Friday, July 16, 2004

Changing my Mind

As I'm reading chapters and articles about math education, I keep changing my mind. This isn't helping my course planning for the fall — I want to do a good job with my teaching, and I want to learn from the successes of others. I keep mulling over questions about what defines good teaching or a successful outcome.

Even looking back over my own elementary education I keep changing my mind. At first I thought that my teachers used "new math" types of techniques. I have few, if any, memories of ever being taught any specific skill in an elementary school math class. Mostly I remember using base 10 manipulatives and playing chess. Aside from that I recall one fifth grade word problem which had me stumped. (Were the floor tiles in the problem squares 12 inches on a side? Or were they squares with a total area of 12 square inches? I couldn't tell.) I seemed to already know how to do base n arithmetic when it came up in a college course. When I do the standard algorithm for multiplication of multi-digit numbers I put down the zeros instead of indenting from the right. I do arithmetic from left-to-right. These small clues were all I had to go on, as I'm not going to call up my teachers 20+ years later and start interrogating them about how they taught.

But now I'm looking critically at some of my own mathematical weaknesses. Am I as familiar with the base 10 system and its advantages for mental arithmetic as I should be? When I'm doing examples of estimation problems using numbers provided by my students, I'm very slow to get the order of magnitude correct. I can't multiply or divide decimals in my head. I always get the decimal point in the wrong place — even when dividing by 0.001 or a similarly "easy" number. I usually write it down and count the decimal places. Only this summer did I realize that I could think of it as dividing by 1/1000 which is multiplying by 1000! I'm finding other areas where my understanding of elementary mathematics is more superficial than I would have expected it to be.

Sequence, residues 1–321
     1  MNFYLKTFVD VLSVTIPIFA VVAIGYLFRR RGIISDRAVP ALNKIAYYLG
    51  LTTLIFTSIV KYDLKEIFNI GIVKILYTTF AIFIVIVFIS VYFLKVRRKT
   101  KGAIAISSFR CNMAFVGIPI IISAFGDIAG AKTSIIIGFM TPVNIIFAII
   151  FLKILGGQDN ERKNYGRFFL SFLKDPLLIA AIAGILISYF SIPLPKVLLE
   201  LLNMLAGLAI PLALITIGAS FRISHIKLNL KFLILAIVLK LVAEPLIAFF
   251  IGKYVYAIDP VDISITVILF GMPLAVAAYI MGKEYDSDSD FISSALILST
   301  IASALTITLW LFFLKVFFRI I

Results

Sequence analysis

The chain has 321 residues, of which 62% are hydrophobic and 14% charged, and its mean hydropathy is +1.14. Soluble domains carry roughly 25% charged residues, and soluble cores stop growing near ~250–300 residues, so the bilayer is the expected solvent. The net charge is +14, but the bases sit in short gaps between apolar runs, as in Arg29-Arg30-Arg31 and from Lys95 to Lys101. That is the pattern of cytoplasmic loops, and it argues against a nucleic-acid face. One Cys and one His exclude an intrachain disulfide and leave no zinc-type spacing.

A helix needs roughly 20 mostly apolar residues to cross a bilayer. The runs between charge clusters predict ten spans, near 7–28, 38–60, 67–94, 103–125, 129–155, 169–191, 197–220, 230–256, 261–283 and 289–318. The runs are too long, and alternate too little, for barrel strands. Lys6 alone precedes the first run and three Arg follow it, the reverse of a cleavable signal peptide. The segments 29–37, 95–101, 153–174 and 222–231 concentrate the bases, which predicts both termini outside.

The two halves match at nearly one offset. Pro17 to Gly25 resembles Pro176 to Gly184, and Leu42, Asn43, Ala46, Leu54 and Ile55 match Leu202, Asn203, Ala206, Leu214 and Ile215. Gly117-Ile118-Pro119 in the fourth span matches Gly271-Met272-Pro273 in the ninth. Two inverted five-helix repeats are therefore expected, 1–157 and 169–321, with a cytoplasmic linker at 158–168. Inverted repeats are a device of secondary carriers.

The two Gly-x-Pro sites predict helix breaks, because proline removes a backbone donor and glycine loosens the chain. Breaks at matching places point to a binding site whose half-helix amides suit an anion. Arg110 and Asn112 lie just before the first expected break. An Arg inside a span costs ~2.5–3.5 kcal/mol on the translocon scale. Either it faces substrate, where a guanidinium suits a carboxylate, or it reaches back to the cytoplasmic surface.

How important are these perceived weaknesses? You can argue that since I've gone on to get a Ph.D. in math, avoided being ripped off in my financial dealings, and can (usually) buy the correct amount of supplies for my home improvement projects that it probably doesn't matter. Or you can argue that my innate draw to mathematics plus my extensive training have allowed me to compensate. What should be our goals for the mathematical education of elementary and middle school students? I don't know. However, I think that it is important for elementary and middle school teachers to have what Liping Ma calls a profound understanding of fundamental mathematics.

As I've been crafting my syllabi for the fall I've been struggling with this idea of what students should learn and how they should be taught. I've torn down most of my assumptions about teaching and now I only have one principle which remains: Mathematics should make sense.